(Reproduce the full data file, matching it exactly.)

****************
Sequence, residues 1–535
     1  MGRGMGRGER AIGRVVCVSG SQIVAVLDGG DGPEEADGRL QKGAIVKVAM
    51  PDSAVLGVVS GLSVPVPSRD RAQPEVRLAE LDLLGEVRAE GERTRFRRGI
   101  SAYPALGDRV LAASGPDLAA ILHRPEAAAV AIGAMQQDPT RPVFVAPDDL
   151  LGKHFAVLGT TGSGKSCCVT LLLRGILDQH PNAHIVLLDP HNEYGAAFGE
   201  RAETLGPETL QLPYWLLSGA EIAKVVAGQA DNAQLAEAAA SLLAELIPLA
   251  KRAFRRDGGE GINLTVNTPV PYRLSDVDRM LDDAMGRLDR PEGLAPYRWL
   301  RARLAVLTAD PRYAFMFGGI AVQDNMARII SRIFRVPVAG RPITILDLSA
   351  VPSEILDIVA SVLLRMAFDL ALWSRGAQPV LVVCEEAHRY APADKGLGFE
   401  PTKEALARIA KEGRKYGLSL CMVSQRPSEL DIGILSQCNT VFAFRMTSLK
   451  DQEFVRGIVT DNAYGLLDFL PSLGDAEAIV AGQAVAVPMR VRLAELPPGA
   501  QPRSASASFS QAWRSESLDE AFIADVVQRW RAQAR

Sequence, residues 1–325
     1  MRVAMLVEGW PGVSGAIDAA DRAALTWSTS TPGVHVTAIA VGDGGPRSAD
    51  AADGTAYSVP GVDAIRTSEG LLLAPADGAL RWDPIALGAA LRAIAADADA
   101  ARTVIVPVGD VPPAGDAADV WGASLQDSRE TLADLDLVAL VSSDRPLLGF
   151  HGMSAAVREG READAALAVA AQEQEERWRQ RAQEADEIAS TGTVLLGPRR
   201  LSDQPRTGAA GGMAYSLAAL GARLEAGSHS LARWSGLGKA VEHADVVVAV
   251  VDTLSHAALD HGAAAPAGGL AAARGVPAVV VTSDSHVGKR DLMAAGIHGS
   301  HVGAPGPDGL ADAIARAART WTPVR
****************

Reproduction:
Sequence, residues 1–535
     1  MGRGMGRGER AIGRVVCVSG SQIVAVLDGG DGPEEADGRL QKGAIVKVAM
    51  PDSAVLGVVS GLSVPVPSRD RAQPEVRLAE LDLLGEVRAE GERTRFRRGI
   101  SAYPALGDRV LAASGPDLAA ILHRPEAAAV AIGAMQQDPT RPVFVAPDDL
   151  LGKHFAVLGT TGSGKSCCVT LLLRGILDQH PNAHIVLLDP HNEYGAAFGE
   201  RAETLGPETL QLPYWLLSGA EIAKVVAGQA DNAQLAEAAA SLLAELIPLA
   251  KRAFRRDGGE GINLTVNTPV PYRLSDVDRM LDDAMGRLDR PEGLAPYRWL
   301  RARLAVLTAD PRYAFMFGGI AVQDNMARII SRIFRVPVAG RPITILDLSA
   351  VPSEILDIVA SVLLRMAFDL ALWSRGAQPV LVVCEEAHRY APADKGLGFE
   401  PTKEALARIA KEGRKYGLSL CMVSQRPSEL DIGILSQCNT VFAFRMTSLK
   451  DQEFVRGIVT DNAYGLLDFL PSLGDAEAIV AGQAVAVPMR VRLAELPPGA
   501  QPRSASASFS QAWRSESLDE AFIADVVQRW RAQAR

Sequence, residues 1–325
     1  MRVAMLVEGW PGVSGAIDAA DRAALTWSTS TPGVHVTAIA VGDGGPRSAD
    51  AADGTAYSVP GVDAIRTSEG LLLAPADGAL RWDPIALGAA LRAIAADADA
   101  ARTVIVPVGD VPPAGDAADV WGASLQDSRE TLADLDLVAL VSSDRPLLGF
   151  HGMSAAVREG READAALAVA AQEQEERWRQ RAQEADEIAS TGTVLLGPRR
   201  LSDQPRTGAA GGMAYSLAAL GARLEAGSHS LARWSGLGKA VEHADVVVAV
   251  VDTLSHAALD HGAAAPAGGL AAARGVPAVV VTSDSHVGKR DLMAAGIHGS
   301  HVGAPGPDGL ADAIARAART WTPVR